4. Avatar for ACD ACD says:

    A friend was interviewing for a job and was asked: what is your most admirable quality? To which he answered: brevity. Had he been more pedantic, he might have expounded upon his reply, quoting Shakespeare’s Polonius:
    “This business is well ended.
    My liege, and madam, to expostulate
    What majesty should be, what duty is,
    Why day is day, night night, and time is time,
    Were nothing but to waste night, day and time.
    Therefore, since brevity is the soul of wit,
    And tediousness the limbs and outward flourishes,
    I will be brief: your noble son is mad:
    Mad call I it; for, to define true madness,
    What is’t but to be nothing else but mad?
    But let that go.”
    But we must not let it go. My friend did not get the job but has lived his life in such a carefree way that even I envy him.
    To the point: Why life gets a lot better when you stop giving a … Not everyone can go through life like my friend whose natural intelligence and likeability enable him to get away with what few others can. Most, if not all, of us must give a … and no number of new age platitudes can relieve us of the obligation to get along with others. Unless we live in a world whose population is one. Why? Because the moment two people occupy the same (actual or conceptually proximal) space, each must give up some freedom in order to keep the peace. Most of us have no problem doing this and compromise instinctively, according to our culture of accepted norms. For example, when we enter a library - or a church or a courtroom or a classroom - we change our behavior. No big deal. Bullies may behave as though they do not give a … when they infringe excessively on others’ freedom to be themselves. The author’s proposed cure for bullying, presumably, is to respond in kind by not giving a … about the bully’s bullying. The bully means to intimidate and it is certainly positive reinforcement to flee like a wounded deer from the bully’s arrows. So no, caring in this sense is not productive. On the other hand, wouldn’t it be better if the bully could be made to stop? Caring, in this sense, I submit, is more productive. We, as bullies, cannot occupy the same space as others. We, as bullies, must either tame ourselves or be tamed, thus making the world safe for non-conformists who want to live life on their own terms within the bounds of civilized compromise. Life gets a lot better when we DO give a …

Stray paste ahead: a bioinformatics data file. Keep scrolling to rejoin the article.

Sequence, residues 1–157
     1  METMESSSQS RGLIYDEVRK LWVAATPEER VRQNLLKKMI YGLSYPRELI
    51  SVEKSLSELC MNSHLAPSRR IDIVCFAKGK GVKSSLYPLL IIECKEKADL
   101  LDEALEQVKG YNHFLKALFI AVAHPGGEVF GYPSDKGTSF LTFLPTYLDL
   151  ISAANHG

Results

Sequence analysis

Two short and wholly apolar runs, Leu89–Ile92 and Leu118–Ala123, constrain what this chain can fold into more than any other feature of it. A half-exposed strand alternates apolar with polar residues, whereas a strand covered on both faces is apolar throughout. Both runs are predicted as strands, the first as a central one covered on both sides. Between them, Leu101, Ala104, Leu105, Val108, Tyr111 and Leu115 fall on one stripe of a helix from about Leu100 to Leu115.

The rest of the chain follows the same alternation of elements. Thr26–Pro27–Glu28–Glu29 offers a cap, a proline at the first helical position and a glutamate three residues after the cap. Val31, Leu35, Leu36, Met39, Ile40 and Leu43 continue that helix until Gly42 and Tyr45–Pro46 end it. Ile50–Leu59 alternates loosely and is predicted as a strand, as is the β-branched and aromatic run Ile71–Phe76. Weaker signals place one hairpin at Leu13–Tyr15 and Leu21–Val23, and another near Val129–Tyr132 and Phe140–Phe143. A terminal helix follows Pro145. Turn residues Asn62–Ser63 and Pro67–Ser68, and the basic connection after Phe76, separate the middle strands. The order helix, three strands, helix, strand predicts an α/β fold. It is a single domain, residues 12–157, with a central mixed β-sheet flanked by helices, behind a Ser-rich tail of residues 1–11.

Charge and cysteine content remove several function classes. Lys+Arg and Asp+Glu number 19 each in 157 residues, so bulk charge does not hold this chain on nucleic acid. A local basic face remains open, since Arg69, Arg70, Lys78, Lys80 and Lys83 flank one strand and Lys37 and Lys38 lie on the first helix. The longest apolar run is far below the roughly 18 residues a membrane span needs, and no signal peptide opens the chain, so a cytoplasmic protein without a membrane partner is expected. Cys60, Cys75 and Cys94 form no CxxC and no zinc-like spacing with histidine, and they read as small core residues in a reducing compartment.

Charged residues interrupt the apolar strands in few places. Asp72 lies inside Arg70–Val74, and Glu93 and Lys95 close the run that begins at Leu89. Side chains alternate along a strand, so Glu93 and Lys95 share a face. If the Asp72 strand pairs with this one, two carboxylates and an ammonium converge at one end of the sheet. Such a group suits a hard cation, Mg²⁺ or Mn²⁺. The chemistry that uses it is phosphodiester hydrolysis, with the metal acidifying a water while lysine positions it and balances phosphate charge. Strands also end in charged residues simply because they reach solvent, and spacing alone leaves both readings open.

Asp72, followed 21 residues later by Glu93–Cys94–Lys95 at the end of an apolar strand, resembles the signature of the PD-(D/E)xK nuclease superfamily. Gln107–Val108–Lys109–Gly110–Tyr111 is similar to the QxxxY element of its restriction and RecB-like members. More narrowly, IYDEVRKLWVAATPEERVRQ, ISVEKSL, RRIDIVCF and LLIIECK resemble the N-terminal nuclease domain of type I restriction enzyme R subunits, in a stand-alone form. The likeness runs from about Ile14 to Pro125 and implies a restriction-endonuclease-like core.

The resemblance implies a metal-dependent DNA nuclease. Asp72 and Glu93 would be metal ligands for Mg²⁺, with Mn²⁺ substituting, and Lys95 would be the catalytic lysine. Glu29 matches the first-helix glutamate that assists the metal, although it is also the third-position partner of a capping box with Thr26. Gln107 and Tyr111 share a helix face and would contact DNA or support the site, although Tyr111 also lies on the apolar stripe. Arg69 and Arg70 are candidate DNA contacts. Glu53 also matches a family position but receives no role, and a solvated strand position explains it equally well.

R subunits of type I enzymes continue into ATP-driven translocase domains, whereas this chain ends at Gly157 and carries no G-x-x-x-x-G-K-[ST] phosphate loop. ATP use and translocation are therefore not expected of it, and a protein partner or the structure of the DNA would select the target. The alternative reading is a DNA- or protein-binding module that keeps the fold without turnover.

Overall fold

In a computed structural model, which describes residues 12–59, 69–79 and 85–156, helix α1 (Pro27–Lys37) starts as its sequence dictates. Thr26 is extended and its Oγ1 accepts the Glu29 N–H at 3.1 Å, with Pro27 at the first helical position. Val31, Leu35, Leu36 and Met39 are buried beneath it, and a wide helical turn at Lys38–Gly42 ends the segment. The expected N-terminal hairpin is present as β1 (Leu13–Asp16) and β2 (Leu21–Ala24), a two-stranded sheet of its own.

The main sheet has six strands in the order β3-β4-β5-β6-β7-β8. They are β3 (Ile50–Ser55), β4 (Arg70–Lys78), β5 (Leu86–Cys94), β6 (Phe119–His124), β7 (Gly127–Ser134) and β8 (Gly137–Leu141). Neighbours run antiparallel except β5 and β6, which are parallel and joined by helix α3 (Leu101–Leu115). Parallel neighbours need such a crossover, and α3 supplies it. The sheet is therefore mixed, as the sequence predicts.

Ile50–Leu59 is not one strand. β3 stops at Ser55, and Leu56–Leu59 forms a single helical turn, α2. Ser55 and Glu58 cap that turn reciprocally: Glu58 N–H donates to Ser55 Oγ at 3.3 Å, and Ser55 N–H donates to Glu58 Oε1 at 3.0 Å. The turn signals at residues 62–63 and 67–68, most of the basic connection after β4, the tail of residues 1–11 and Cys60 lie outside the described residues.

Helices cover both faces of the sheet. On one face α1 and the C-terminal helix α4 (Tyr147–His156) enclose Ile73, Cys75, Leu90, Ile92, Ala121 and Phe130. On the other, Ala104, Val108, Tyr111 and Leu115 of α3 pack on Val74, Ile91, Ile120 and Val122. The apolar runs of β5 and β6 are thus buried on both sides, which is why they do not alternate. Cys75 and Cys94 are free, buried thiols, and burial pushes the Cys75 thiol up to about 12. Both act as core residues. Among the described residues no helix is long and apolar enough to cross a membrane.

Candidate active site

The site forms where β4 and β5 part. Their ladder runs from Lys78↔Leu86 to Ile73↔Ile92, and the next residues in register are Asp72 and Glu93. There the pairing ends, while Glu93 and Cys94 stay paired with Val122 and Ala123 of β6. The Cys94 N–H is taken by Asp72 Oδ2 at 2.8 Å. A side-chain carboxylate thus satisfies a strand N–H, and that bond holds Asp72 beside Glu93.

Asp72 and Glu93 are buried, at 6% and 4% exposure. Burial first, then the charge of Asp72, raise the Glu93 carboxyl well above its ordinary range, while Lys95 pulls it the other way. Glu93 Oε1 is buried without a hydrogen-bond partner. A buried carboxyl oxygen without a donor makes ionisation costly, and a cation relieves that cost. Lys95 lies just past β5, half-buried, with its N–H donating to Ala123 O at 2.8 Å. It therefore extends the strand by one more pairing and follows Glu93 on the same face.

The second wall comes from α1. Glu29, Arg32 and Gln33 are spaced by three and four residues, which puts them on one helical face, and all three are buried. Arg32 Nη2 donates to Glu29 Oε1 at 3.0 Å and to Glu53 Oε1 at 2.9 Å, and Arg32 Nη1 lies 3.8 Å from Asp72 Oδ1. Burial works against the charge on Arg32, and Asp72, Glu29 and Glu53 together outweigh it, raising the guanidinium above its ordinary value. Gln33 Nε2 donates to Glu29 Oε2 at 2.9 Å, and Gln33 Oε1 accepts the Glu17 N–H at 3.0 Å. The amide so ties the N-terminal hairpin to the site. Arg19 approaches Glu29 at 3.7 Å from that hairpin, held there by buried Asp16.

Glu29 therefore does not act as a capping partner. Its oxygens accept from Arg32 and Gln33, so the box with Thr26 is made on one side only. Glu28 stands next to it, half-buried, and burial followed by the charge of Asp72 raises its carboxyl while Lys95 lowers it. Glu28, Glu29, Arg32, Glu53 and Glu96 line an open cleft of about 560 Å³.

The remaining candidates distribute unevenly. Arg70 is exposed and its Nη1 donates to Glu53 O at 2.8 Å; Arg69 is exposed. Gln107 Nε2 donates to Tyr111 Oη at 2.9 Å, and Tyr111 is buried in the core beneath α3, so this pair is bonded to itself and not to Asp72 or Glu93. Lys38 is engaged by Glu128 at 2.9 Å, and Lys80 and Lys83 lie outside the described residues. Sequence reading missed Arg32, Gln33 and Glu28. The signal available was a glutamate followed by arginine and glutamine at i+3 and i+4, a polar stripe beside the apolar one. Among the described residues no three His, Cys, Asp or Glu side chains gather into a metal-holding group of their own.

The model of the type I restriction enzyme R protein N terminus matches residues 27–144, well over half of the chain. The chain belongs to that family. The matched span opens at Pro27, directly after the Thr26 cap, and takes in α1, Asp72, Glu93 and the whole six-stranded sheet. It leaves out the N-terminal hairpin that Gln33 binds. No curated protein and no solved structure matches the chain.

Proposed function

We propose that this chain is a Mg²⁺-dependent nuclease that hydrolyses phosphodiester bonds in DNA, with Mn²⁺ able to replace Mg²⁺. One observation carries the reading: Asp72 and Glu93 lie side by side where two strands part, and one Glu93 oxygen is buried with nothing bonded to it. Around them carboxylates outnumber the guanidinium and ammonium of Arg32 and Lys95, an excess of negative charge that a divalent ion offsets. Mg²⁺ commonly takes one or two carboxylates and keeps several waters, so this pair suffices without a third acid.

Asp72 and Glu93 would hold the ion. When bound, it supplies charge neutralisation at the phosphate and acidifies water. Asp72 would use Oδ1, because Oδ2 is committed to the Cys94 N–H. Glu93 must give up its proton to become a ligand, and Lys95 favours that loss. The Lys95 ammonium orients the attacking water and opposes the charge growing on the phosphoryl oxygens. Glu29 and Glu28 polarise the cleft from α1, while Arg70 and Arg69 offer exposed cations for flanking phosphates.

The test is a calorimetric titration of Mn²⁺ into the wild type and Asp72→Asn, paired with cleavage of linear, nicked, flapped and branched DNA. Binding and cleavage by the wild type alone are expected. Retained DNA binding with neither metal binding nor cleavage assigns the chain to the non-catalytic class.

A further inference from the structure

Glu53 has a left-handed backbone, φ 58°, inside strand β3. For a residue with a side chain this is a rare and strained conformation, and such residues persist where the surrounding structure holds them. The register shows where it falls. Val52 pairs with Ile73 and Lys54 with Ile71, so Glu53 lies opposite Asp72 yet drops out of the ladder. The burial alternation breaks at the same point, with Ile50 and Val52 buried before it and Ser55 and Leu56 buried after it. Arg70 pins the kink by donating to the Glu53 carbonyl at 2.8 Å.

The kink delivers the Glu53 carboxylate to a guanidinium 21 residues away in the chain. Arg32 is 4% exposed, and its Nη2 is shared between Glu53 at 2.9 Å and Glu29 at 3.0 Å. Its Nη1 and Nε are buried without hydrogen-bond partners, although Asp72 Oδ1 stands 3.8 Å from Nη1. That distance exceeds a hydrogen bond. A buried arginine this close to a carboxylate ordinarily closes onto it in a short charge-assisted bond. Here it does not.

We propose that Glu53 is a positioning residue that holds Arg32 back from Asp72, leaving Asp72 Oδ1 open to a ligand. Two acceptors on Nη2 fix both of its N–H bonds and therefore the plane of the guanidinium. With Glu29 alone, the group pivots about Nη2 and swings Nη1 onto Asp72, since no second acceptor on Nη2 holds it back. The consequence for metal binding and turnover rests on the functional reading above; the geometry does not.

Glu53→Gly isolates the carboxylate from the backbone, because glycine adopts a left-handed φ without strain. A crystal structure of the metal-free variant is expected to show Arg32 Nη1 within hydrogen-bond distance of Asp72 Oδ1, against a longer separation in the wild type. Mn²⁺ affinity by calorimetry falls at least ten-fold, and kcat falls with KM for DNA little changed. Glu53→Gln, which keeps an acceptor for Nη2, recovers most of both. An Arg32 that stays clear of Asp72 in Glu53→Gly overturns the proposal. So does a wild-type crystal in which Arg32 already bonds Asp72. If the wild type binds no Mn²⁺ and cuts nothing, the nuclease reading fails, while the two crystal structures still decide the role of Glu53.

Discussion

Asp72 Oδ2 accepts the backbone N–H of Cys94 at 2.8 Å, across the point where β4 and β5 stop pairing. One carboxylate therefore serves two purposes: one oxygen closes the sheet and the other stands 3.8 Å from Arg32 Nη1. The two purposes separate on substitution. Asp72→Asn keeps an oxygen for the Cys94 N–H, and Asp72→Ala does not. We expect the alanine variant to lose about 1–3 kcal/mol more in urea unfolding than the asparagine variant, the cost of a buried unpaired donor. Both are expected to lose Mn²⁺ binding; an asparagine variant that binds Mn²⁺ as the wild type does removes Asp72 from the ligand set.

Did all these expository words add to the advancement of this discussion? Does anyone give a …?

  5. What most people don’t realize is that all earth species are hard wired to be insecure which when you think about is what’s need to survive. This insecurity has lead to wars, various religions, cults, etc. On the plus side it has lead to inventions, culture, protecting others etc… Of course it has also lead to "Why life gets a lot better when you stop giving a f*ck ( about insecurity)!!!

  6. We all try to put the “best” foot forward or in this case the “best” face. On the other hand, he / she seems to be concentrating on the next “step”

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Written by Lachlan Brown

I’m Lachlan Brown, the editor of Ideapod and founder of Hack Spirit. I love writing practical articles that help others live a mindful and better life. I have a graduate degree in Psychology and I’ve spent the last 6 years reading and studying all I can about human psychology and practical ways to hack our mindsets. If you to want to get in touch with me, hit me up on Twitter or Facebook.